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BLANKING ó And other mishaps that contribute to the fun
By Andrew Mather


ďGetting skunked is something every fisherman must learn to do with some grace because it does happen.Ē ó John Gierach.

BLANKING or being skunked comes with the territory if youíre a fisherman. This happened to me over the last river season ó more times than Iíd like to admit. When I drag my sorry arse home after a fishing trip my wife, Tina, routinely asks me how many fish I caught. She inevitably makes a remark about my sanity and the futility of having gone fishing, but I donít see it like that and Iím sure that Iím not alone.

The start of this past river season was particularly difficult although it was heavily influenced by the preceding drought conditions. No, let me stop that! Can you see what happening here? Iím already making excuses!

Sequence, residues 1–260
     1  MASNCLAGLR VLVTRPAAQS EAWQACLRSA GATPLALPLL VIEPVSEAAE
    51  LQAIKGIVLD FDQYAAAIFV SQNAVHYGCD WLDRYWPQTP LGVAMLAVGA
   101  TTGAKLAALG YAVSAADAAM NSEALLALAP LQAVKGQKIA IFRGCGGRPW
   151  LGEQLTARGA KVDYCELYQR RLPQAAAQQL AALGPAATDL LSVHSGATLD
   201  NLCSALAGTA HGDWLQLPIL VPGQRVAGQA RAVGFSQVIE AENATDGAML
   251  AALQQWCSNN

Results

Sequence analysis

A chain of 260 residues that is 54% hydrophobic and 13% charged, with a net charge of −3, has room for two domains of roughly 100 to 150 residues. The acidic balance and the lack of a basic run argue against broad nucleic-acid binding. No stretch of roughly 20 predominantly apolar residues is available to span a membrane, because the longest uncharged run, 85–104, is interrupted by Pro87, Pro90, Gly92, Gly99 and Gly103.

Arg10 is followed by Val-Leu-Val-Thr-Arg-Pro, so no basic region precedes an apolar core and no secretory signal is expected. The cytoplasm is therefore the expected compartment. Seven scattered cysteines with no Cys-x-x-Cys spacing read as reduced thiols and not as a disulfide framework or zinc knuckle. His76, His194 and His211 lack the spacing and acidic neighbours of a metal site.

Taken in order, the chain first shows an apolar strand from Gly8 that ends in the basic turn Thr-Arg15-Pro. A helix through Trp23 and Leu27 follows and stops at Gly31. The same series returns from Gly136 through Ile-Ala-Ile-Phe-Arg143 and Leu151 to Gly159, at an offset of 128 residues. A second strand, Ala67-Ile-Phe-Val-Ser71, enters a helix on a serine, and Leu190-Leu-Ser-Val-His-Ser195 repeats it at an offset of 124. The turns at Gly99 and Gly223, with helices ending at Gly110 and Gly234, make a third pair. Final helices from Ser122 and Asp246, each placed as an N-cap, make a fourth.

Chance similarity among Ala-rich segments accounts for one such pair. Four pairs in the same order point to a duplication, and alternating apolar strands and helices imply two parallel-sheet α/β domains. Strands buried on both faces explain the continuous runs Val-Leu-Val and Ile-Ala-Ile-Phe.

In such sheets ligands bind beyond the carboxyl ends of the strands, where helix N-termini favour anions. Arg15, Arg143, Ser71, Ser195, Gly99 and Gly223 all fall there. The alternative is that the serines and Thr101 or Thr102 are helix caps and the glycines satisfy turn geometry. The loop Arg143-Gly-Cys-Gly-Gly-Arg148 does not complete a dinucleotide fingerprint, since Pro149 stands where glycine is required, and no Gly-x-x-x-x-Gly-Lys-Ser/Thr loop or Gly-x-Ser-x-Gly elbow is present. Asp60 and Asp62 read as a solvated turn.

Actually we all start looking for excuses when we canít connect up to a fish. Favourite reasons for failure include that the barometer was dropping, causing the fish to go off the bite, or that a cold wind was blowing. Many of you reading this will know your favourite face-saving line, especially the super competitive chaps among us.

Perhaps one of the most common reasons offered up when we arenít catching is that we arenít fishing the right fly. We reason that our failure to catch something is that the fly on the end of the tippet isnít working. So we set about ringing the changes, going through our fly-boxes in the hopes that our fortune might change. Sometimes one does get lucky, but more often than not it doesnít help much. Iíve known some flyfishers to fish one pattern the whole day and make a pig of themselves.

Read the full story in the October 2017 issue of FLYFISHING magazine.
 
 
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